From 19 November 2019 to 15 March 2020, the Africa and Crimea Rooms will play host to the “Versailles Revival” exhibition, looking at how, between 1867 and 1937, the Palace ignited passions for Versailles in its Ancien Régime version as it underwent an extensive programme of restoration and refurbishment.

Exhibition

One hundred years after the French Revolution, on the eve of the “Belle Époque”, there emerged a tremendous buzz of excitement, nostalgia, curiosity and passion for the Versailles of the Ancien Régime. By way of almost 350 artworks – many of them from private and international collections – along with documents and photographs, the “Versailles Revival” exhibition charts this remarkable moment in the history of art, when Versailles took its place among the great literary, pictorial and musical canons. Artists from all corners of the world were drawn to this place, which inspired imitations across the globe. Versailles is also where the French Republic held its assemblies and received foreign dignitaries. The gardens were a popular location for aristocratic parties and public tourism, and the wonderful water features maintained their appeal throughout the 19th century, becoming a real crowd-puller. And all of this while a major programme of restoration and refurbishment was underway at the Palace, which passed the million-visitor mark back in 1937.

Poster Versailles Revival

Story of revival

Though this new passion first began to stir around the time of the Second French Empire, what with the Empress Eugenie’s devotion to Marie-Antoinette, it took until the end of the century for this fascination to spread to the artistic and literary domains. Marcel Proust rediscovered “Versailles, your renowned name, rusty and sweet, a royal cemetery of leaves, of vast expanses of water and marble”. The most diverse painters drew inspiration from it, from the Russian Alexandre Benois to Georges Rouault, not forgetting Gaston La Touche, Lucien Lévy-Dhurmer and Henri Le Sidaner, as well as photographers such as Eugène Atget, Edward Steichen and Man Ray. Cinema, too, from its earliest stages, became caught up in it.

The furniture and decorative objects served as great royal exemplars. The Palace, too, served as the model for Ludwig II of Bavaria, as well as for the residences of Boni de Castellane and Alva Vanderbilt and even the SS France ocean liner of 1912, nicknamed “the Versailles of the sea”. Incredible parties saw Trianon brought back to life. Sarah Bernhardt performed at the Palace during the visit of Tsar Nicolas II, in 1896. A society outside of its time sprang up around the iconic monument and included fashionable figures, such as Countess Greffulhe and Robert de Montesquiou; the writers Marcel Proust and Henri de Régnier; musicians Reynaldo Hahn and Gabriel Fauré; painters Paul Helleu and Giovanni Boldini; and the intriguing garden designer, Achille Duchêne.

This wave of enthusiasm buoyed the Palace conservators in their relentless efforts to bring back its lost splendour and restore it to how it was during the Ancien Régime, albeit to the detriment of the museum established by Louis-Philippe in 1837. The key figure in this regard was Pierre de Nolhac, director of the museum from 1892 to 1920.

The exhibition, set up in the Africa and Crimea Rooms, presents these two parallel stories in contrast. On the one hand, there is the timeline of the Palace’s “resurrection”, to use the title of Pierre de Nolhac’s memoirs, and on the other, there is the moment at the turn of the 20th century when Versailles regained its royal and aristocratic sparkle, as well as a newfound popularity.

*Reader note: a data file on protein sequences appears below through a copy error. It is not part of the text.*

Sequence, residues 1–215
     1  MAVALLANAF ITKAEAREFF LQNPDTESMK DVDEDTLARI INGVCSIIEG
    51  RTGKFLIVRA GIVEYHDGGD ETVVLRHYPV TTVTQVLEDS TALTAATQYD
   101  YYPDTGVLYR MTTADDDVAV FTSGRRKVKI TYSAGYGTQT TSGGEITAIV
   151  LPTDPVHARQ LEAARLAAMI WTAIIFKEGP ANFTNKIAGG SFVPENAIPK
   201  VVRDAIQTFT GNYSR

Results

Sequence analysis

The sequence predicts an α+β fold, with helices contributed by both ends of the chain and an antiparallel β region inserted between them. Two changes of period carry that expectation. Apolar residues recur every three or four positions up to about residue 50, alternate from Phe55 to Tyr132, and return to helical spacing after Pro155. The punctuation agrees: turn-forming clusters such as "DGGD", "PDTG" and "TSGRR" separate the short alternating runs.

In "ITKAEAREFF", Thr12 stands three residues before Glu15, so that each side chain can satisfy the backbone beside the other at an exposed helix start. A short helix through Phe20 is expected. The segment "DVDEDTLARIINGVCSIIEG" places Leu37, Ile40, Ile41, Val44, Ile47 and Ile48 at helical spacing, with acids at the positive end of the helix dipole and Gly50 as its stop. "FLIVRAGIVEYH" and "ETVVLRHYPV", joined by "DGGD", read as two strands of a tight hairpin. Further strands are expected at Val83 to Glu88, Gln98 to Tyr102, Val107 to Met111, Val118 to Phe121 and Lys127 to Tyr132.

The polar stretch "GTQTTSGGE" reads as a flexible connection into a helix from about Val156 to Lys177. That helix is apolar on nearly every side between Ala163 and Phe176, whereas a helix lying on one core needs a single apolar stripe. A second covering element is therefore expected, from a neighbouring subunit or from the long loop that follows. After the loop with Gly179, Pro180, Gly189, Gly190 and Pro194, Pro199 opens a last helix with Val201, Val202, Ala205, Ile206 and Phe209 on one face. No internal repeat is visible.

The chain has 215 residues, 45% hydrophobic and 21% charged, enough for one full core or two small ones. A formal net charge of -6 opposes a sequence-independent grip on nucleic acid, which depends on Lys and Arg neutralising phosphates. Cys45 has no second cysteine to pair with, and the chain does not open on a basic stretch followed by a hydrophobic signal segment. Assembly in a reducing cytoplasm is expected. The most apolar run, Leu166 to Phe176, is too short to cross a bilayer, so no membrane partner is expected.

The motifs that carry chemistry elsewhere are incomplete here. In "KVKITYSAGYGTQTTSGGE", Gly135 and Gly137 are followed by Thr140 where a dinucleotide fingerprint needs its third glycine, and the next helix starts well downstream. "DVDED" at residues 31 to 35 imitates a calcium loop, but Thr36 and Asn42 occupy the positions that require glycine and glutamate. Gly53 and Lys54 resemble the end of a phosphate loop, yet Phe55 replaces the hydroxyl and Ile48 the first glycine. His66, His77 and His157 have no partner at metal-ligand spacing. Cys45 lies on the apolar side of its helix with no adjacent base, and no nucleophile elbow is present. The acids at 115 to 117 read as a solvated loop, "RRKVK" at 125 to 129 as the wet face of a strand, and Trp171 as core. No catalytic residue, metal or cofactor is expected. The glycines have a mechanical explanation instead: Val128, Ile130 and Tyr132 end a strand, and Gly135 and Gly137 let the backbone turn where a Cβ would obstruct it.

Sélection d'œuvres de l'exposition

1889 — Jacques-Emile Blanche

Portrait de Jeanne-Julie Régnault, dite Julia Bartet, sociétaire de la Comédie Française
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1893 — Alfred Roll

Fête du Centenaire des Etats Généraux au bassin de Neptune le 5 mai 1889
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1864 — Eugène Lami

Les grandes eaux à Versailles
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1911 — Auguste Rodin [Fondeur Eugène Rudier]

Georges Clemenceau
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1879 — Doucet, Henri-Lucien

Robert, comte de Montesquiou-Fezensac
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1871 — Pierre Puvis de Chavannes

Fusiliers-marins dans le parc de Versailles
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Exhibition curator

Laurent Salomé, director of the Musée national des châteaux de Versailles et de Trianon

Claire Bonnotte, collaboratrice scientifique of the Musée national des châteaux de Versailles et de Trianon 

Scénographie

Conception

Hubert le Gall assisté de Laurie Cousseau

Graphisme

Jean-Paul Carmargo et Olivier Martin, Saluces 

Image magique

Clément Debailleul - Compagnie 14:20 Avec Pauline Belle

Eclairage 

Lionel Coutou

 

Audioguide

Discover the audio tour of the exhibition "Versailles Revival 1867-1937" on the Palace of Versailles' free app.

Audioguide

Discover the app

 

GAME BOOKLET

To help children better understand the exhibition, the Palace of Versailles has designed a game booklet in partnership with Paris Mômes.

This game booklet is free of charge and available at the entrance of the exhibition.

Download the game booklet

Reading

Exhibition Journal 

Prolong your visit with this publication edited under the direction of the exhibition curators, available from the online shop.

This Belle Époque journal retraces the spectacular return of Versailles to centre-stage from the late 19th century onwards.
Available also in English
Price : €6

Order 

PATRONAGE

Dossier de mécénat

The exhibition has received patronage from SNCF and Madame Krystyna Campbell-Pretty and her family.

partnership

This exhibition is made in media partnership with :